Over the next two weeks, Acme Packing Company takes a look at each position group on the Green Bay Packers and provides grades and insight on how they performed in the 2015 season. Today, we examine the defensive line. Follow along with all of our positional breakdowns here.
The Green Bay Packers' defensive line is a tough group to assess. Part of that is due to the Packers' 3-4 scheme; the linemen often are not the ones making the tackles or sacking the quarterback, but their contributions in holding the point of attack and collapsing the pocket allow the linebackers to flow to the football. As such, the linemen's numbers typically do not stand out.
Adding to the difficulty is the frequency with which the Packers line up in two-lineman sets - saying that Green Bay runs a 3-4 is misleading if only because they are in the 2-4-5 nickel so often, which takes them out of their traditional 3-4 roles.
Still, we'll look at the 2015 Packers defensive line today, a unit which had a handful of solid contributors and a single true star player.
Right end: Mike Daniels
Before he signed his big contract extension in December, we at Acme Packing Company regularly joked that Daniels was earning more and more money with every big play. As an interior pass-rusher, Daniels has no equal on the Packers' roster, and he earned every bit of that $41 million contract.
Daniels still has some wrinkles in his game to iron out, but he is the defense's vocal leader and possesses elite functional strength in his "smaller" 6-foot frame. Daniels should continue to wreak havoc on opposing offensive lines for years to come, and though he is still searching for his first Pro Bowl or All-Pro honor, that should come in no time.
Nose tackle: B.J. Raji
In 2015, Raji finally got to play full-time at his nose tackle position for the first time since 2010 this season, and he showed flashes of why he was viewed as such a disruptive force on the interior during that year's Super Bowl run. He is inconsistent at the point of attack, but when he's good, he's still really good. He remains more effective in rushing the passer than being a true two-gapping nose guard, but nobody else on the roster can fill that position quite like him.
Left end: Letroy Guion
After serving a three-game suspension stemming from his offseason arrest, Guion returned to the lineup and played fairly well in a rotation at the 5-technique position, nose tackle, and interior nickel rusher. Guion made his share of highlight-reel plays, which help to balance out the occasional washout in the run game. And although he did not record a sack this year after posting 3.5 in 2014 as the starting nose tackle, that was due in part to a reduction in snaps, especially rushing the passer.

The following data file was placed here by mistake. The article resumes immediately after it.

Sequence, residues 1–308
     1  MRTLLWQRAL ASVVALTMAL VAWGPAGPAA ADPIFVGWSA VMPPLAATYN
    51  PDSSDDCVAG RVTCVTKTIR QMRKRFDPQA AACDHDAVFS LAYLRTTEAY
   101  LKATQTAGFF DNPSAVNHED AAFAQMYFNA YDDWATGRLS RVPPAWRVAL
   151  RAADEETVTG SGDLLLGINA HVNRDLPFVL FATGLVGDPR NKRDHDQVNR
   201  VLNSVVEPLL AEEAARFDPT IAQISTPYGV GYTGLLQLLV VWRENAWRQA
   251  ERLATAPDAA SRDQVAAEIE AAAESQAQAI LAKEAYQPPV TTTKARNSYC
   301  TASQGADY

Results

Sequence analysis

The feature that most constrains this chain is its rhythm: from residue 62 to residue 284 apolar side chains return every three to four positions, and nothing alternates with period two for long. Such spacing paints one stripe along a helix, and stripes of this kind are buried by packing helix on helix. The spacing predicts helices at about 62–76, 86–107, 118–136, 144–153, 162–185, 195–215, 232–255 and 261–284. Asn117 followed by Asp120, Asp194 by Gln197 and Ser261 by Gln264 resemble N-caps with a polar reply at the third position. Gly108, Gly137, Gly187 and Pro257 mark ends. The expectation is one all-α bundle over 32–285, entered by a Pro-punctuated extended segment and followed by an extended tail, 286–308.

Backup: Datone Jones
Jones rotated in with Guion at the 5-tech and nickel tackle packages for the first part of the 2015 season, but by year's end he had actually shifted into more of a hybrid lineman/outside linebacker role, similar to Mike Neal's a few years ago before he fully made the transition. Jones appears poised to stand up even more in 2016, perhaps with the goal of putting his pass-rushing skills to better use. He recorded three sacks in 2015, but two of those came in week 11's win in Minnesota.
Backup: Mike Pennel
Perhaps Pennel is the heir apparent at nose tackle, perhaps not. What we do know is that he can be effective in spot duty as a 5-technique end and in the nickel, and he had a handful of splash plays both in pass rush and run support. Expect Pennel to be in line for an expanded role in 2016, regardless of whether the Packers bring back either of the two linemen slated to hit free agency.
IR: Josh Boyd
Boyd was lost for the season early on, as he suffered a broken ankle during the Packers' week two win over the Seahawks.
Overall Grade: B
All told, the defensive line was one of the better position groups on the team this year. Every member of the group showed flashes of brilliance at one point or another, and they helped to hold some of the NFL's best running backs in check. Critically, the coaches were able to keep all of the players fresh by rotating their snaps regularly, which helped keep everyone fresh and effective throughout much of the season.
Each player has his weaknesses, but the defensive coaching staff did an effective job of utilizing each player well according to their strengths and putting them in positions to succeed.